U.S. director Terrence Malick won the Palme d’Or for best picture at the Cannes film festival on Sunday for “The Tree of Life,” a meditative, metaphysical epic starring Brad Pitt and Sean Penn.
Only his fifth feature, the contemplation on the origins of life and where we go when we die was among the firm favorites to walk off with the coveted award, one of the most prized in the movie calendar after the Oscars.
☛ Reuters: “Terrence Malick epic wins Palme d’Or in Cannes”, May 22, 2011
More online resources about The Tree of Life and director Terrence Malick:
From Terrence Malick, the acclaimed director of such classic films as BADLANDS, DAYS OF HEAVEN and THE THIN RED LINE, THE TREE OF LIFE is the impressionistic story of a Midwestern family in the 1950’s. The film follows the life journey of the eldest son, Jack, through the innocence of childhood to his disillusioned adult years as he tries to reconcile a complicated relationship with his father (Brad Pitt). Jack (played as an adult by Sean Penn) finds himself a lost soul in the modern world, seeking answers to the origins and meaning of life while questioning the existence of faith. Through Malick’s signature imagery, we see how both brute nature and spiritual grace shape not only our lives as individuals and families, but all life.
The time that Malick takes, and the time that he makes, that he hollows and stretches out on the screen, give us a sense of expansiveness: an epic and lyric feeling. But what is expanded, exactly? Never the moment that something happens, only the before and after … And in this, he finds an unlikely artistic uncle in Jean-Luc Godard (although it is not so unlikely when one realises how much of Pierrot le fou there is in Badlands): in Le Mépris (1963) we can never grasp the moment when a wife stops loving her husband, and Éloge de l’amour (2001) offers (in an inverted chronology) the before and after of a suicide. The philosopher Giorgio Agamben has a powerful way of describing this state of affairs: human beings, he argues, are always caught in a shuffle between feeling as if they are living just before the feast or just after the feast, but never at or in the feast; to live is to be perpetually out of phase with ‘the moment’ when everything (feeling, perception and action; self, other and environment) should click together. (1) To live in the moment, to live your destiny: these are common American delusions, but they are not the sort of Americana to which Malick is drawn.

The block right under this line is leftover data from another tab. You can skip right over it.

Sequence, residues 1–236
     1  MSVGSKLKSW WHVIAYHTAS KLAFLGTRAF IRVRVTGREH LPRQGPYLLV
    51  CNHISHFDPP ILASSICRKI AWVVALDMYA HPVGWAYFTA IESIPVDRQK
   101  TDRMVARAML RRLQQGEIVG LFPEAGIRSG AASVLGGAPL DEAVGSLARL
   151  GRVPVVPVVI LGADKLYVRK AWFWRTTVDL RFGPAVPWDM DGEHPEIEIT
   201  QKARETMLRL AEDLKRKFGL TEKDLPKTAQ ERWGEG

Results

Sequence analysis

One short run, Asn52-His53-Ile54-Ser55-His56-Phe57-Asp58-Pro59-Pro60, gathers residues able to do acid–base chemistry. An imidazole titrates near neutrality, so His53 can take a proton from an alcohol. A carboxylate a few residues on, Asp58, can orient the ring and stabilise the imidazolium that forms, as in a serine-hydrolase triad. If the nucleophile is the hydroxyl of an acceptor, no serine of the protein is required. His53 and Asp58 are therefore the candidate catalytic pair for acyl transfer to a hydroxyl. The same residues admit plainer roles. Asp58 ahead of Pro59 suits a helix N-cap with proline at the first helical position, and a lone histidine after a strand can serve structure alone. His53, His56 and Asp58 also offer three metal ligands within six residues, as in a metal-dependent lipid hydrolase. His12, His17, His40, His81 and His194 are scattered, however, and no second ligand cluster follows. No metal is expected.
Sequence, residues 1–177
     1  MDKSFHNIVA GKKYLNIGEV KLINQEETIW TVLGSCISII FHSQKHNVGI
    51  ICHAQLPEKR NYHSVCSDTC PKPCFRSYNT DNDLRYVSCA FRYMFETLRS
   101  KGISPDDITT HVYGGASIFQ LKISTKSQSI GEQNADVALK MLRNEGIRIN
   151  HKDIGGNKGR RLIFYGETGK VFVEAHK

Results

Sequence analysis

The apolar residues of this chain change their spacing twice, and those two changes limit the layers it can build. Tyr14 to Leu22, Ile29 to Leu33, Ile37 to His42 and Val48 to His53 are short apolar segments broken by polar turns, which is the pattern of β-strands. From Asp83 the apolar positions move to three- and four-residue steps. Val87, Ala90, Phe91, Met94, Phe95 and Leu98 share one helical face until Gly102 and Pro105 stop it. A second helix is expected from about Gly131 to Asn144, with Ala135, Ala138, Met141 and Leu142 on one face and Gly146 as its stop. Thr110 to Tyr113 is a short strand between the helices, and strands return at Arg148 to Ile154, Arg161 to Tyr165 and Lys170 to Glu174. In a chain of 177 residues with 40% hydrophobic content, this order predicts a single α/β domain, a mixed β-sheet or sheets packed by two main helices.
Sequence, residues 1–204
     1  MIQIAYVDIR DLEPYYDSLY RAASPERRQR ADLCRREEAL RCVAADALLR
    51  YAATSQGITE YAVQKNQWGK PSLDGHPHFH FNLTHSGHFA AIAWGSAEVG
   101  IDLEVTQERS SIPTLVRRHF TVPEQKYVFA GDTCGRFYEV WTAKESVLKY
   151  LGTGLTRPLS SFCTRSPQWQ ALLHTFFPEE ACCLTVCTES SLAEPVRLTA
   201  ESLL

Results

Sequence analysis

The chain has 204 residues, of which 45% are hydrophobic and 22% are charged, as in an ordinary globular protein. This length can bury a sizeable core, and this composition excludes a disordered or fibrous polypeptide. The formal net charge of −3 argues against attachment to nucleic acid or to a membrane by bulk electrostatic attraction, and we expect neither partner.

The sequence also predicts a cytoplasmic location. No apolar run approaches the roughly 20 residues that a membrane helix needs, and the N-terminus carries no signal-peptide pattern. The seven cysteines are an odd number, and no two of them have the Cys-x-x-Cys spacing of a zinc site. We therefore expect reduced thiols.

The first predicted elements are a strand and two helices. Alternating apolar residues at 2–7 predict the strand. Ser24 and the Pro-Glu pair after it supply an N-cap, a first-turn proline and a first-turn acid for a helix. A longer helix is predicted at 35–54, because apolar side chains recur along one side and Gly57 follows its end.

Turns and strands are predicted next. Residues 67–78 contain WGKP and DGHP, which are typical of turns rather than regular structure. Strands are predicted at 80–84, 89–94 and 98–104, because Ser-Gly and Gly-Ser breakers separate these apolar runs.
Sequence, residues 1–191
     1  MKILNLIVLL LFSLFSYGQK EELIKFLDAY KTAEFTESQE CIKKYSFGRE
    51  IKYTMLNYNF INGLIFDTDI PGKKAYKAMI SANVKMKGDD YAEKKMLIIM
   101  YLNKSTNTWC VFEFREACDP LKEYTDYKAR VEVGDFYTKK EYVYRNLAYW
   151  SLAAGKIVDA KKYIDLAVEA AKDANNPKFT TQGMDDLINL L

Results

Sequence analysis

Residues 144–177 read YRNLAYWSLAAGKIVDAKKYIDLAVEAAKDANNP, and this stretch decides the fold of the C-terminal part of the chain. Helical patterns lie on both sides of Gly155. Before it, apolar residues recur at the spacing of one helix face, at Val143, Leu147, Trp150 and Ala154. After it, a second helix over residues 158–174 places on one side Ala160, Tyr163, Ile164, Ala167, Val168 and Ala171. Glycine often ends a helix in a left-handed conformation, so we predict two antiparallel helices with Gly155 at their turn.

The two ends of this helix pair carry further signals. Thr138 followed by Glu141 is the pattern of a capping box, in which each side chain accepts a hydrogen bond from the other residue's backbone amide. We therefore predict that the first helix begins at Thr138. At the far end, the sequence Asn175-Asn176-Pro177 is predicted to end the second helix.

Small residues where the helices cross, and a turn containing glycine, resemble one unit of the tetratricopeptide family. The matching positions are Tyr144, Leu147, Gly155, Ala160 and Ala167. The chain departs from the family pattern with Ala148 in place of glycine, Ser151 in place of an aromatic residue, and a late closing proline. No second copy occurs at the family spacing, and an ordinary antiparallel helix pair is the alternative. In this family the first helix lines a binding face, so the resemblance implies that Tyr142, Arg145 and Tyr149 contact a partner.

Wittgenstein asks a question, which sounds like the first line of a joke: ‘How does one philosopher address another?’ To which the unfunny and perplexing riposte is: ‘Take your time’. Terrence Malick is evidently someone who takes his time. Since his first movie, Badlands, was premiered at the New York Film Festival in 1973, he has directed just two more: Days of Heaven, in 1979, and then nearly a 20 year gap until the long-awaited 1998 movie, The Thin Red Line, which is the topic of this essay.
In 1998, almost 20 years after the appearance of his last film Days of Heaven, Terrence Malick’s new work The Thin Red Line was released. It continued his ongoing philosophical project; indeed, it is a film that aspires to the status of a philosophical treatise, manifesting key themes and issues specifically from the work of Martin Heidegger.
Malick’s understanding of cinema seems to be influenced by Heidegger’s contention that it is a cardinal symptom of modernity (which he claims has its deepest roots in Greek thinking) to apprehend reality as something to be differentiated from how it appears to a subjective consciousness, and that the reality is understood at the most fundamental level as something to be mastered. Surely, one of the guiding preoccupations of cinema, if one is to understand it as one of the chief products of modernity, is defining what a cinematic image ultimately is; is it a component of a narrative? A representation of the reality? Objective reality or subjective (psychological) reality? Psychological reality of the filmmaker or the characters? Is it a reflection of ideological values?
The very notion of a man who translated Martin Heidegger’s The Essence of Reasons into English being allowed to film mega-budget Hollywood movies starring George Clooney, John Travolta, and Colin Farrell is enough to make some of us believe there’s justice of some rough kind in the world.
Terrence Malick’s fourth feature, The New World (2004), is a costume drama about Pocahontas, Captain John Smith and the Jamestown colony. On its release it divided reviewers and earned mediocre receipts; some of Malick’s former admirers have been downright dismissive. Although one goal of this paper is simply to make a case for The New World, its concerns are larger than the single film. For Malick has, in recent years, emerged as a key point of reference for a burgeoning, post-Theory philosophical criticism; he is, for example, one of only three directors to receive a monographic chapter in The Routledge Companion to Philosophy and Film (2009). Disagreement about one of his films, therefore, provides an opportunity to clarify the commitments and aversions of a dynamic field of inquiry. That his fifth film, The Tree of Life, has won the Palme d’Or at Cannes while provoking sharply divided reactions amongst critics only adds urgency to the question.
This newsletter serves one purpose only: it sends a single email notification whenever a new post is published on aphelis.net, never more than once a day. Upon subscribing, you will receive a confirmation email (if you don’t, check your spam folder). You can unsubscribe at any time.